Evolutionary Ecology

, Volume 33, Issue 6, pp 791–809 | Cite as

Close encounters of the urban kind: predators influence prey body size variation in an urban landscape

  • Zachary A. ChejanovskiEmail author
  • Jason J. Kolbe
Original Paper


Body size is a key trait linked to many aspects of an organism’s life history, physiology, and behavior. Variation in body size can thus have important fitness consequences across a broad range of ecological contexts. We utilized the variation in multiple abiotic and biotic factors found among urban habitats to test simultaneously their relative effects on body size variation in urban populations of brown anole lizards (Anolis sagrei). These factors represent major hypotheses regarding body size variation in ectotherms and other animal groups: temperature, food availability, conspecific abundance and predator abundance. We also performed a tethered intruder experiment to determine whether the attack behavior of predatory curly-tailed lizards (Leiocephalus carinatus) depends on the body size of their brown anole prey. Lastly, we conducted a common garden experiment to assess whether brown anole body size differences between sites with and without curly-tailed lizard predators are genetically based. Predator abundance was the primary predictor of brown anole body size for both males and females. No other hypotheses were consistently supported. Brown anole body size increased along with increasing predator abundance, and predator abundance was negatively related to body size variation. Additionally, predators approached larger brown anoles less often and at longer latencies compared to smaller ones. Finally, male brown anoles from sites with predators had faster growth rates compared to those from sites without predators under common conditions in the lab. Brown anole body size differences among populations may result from higher survival of larger lizards during predatory confrontations, and this trait is at least partially heritable in males. Therefore, our results suggest that curly-tailed lizard predators may be important agents of evolution by natural selection for brown anole populations in urban habitats. To further investigate the ecological and evolutionary consequences of predator–prey interactions in urban habitats, future research should focus on measuring predator-induced selection in these novel environments.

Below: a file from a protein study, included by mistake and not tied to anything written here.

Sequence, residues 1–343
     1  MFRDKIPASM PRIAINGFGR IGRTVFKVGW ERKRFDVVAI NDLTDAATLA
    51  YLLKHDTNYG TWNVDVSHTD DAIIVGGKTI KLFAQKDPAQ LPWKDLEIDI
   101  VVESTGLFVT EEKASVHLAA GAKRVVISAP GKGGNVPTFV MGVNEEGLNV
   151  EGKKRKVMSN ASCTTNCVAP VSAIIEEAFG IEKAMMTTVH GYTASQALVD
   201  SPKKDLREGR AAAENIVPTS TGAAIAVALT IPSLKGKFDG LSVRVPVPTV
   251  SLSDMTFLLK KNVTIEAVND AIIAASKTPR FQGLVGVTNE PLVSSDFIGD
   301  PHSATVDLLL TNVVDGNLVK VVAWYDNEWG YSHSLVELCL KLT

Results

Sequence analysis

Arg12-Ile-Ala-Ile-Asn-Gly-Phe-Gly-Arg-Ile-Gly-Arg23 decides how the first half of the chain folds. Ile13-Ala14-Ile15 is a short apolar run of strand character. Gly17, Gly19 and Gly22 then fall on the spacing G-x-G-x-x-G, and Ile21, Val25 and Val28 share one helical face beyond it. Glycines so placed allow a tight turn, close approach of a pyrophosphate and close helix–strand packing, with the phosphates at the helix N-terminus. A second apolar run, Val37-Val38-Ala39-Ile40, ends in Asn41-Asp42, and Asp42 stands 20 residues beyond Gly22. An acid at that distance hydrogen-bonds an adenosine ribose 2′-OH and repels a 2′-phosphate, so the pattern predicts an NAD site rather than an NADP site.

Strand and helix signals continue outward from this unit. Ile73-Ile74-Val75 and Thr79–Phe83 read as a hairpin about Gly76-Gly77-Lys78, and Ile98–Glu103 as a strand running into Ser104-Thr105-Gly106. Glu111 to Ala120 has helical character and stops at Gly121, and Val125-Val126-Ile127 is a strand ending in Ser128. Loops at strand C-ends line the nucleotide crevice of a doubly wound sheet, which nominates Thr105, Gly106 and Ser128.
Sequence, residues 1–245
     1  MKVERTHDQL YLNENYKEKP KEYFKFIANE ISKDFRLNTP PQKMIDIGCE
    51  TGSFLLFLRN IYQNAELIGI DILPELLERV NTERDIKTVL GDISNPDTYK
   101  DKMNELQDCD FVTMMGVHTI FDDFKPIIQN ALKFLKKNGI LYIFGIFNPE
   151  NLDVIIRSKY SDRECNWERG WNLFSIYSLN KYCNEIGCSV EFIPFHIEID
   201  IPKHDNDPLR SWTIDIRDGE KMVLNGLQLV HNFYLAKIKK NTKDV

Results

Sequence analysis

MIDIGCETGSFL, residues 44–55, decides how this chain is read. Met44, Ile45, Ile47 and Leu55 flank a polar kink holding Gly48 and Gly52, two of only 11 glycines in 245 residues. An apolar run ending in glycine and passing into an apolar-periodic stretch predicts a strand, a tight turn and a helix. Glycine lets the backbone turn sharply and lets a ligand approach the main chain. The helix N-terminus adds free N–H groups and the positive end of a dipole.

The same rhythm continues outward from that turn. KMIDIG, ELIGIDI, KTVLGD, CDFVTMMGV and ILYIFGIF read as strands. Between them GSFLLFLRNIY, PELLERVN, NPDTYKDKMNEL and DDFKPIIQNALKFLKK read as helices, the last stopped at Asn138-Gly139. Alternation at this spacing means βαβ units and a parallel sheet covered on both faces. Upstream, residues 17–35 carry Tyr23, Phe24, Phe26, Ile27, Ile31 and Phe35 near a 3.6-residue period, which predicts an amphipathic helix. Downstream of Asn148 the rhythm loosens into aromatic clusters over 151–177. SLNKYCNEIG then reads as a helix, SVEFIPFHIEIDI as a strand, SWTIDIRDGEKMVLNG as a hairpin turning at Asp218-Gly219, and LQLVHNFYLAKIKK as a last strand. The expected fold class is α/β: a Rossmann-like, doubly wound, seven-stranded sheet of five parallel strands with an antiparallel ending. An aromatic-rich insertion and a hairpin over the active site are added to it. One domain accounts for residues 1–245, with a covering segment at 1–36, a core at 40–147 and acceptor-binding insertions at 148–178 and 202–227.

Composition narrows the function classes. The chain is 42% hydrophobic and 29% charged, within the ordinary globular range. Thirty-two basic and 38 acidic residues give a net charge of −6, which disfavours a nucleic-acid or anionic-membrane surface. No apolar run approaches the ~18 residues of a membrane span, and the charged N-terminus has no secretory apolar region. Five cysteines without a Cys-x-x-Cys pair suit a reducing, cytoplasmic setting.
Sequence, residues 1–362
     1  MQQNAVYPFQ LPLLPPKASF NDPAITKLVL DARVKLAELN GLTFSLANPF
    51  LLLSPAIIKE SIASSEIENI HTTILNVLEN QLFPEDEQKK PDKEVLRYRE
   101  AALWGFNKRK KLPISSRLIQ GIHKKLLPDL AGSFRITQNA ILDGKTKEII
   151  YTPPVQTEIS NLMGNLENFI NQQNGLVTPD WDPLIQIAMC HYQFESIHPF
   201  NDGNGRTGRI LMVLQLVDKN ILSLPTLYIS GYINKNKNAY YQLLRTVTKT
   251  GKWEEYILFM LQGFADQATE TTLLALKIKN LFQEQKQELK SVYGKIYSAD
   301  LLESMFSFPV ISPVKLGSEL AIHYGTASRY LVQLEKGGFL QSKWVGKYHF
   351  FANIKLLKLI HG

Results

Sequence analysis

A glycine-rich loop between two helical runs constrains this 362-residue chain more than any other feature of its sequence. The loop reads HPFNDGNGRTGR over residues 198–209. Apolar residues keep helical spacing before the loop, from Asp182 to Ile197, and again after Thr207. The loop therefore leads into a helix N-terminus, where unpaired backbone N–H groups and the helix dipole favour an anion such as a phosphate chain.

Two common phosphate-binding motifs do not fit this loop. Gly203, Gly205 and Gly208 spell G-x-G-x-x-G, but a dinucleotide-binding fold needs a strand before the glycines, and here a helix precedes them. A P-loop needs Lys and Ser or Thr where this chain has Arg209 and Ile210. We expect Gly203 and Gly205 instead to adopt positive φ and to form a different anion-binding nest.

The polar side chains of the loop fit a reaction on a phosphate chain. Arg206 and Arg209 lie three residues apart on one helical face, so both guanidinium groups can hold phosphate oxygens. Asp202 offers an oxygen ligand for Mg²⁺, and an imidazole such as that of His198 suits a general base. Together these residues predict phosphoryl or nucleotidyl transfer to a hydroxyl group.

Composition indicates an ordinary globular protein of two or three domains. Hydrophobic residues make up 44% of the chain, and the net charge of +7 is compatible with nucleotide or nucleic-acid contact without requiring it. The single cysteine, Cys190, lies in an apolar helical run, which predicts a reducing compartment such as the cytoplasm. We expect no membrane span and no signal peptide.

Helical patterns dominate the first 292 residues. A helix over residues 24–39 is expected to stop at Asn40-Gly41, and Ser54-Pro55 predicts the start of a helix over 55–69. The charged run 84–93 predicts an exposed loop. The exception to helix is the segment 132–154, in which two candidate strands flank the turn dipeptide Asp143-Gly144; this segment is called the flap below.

Anolis lizards Natural selection Predator–prey interactions Species interactions Common garden 



This research was funded by a Grant from the National Science Foundation (DEB-1354897) and funds from the University of Rhode Island. Protocols for use of vertebrate animals in this study were approved by the Institutional Animal Care and Use Committee at the University of Rhode Island (AN11–09-005). We would like to thank Tia Mitchell, Sozos Michaelides, Kevin Stochmal, Evan Carter and Katelyn Higgins for their help with the common garden study. Christopher Thawley provided important suggestions for our analysis of hatchling growth rates.

Compliance with ethical standards

Conflict of interest

The authors declare no conflicts of interest.

Supplementary material

10682_2019_10008_MOESM1_ESM.docx (2.4 mb)
Supplementary Materials: Figure S1 – Sites used in the body size variation study, and Figure S2 and Table S1 are a supplemental principal component analysis of the environmental variables measured at these sites. Tables S2 and S3 are the model results from the analysis of body size using square-transformed and non-transformed SVL values, respectively. (DOCX 2496 kb)


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Authors and Affiliations

  1. 1.Department of Biological SciencesUniversity of Rhode IslandKingstonUSA

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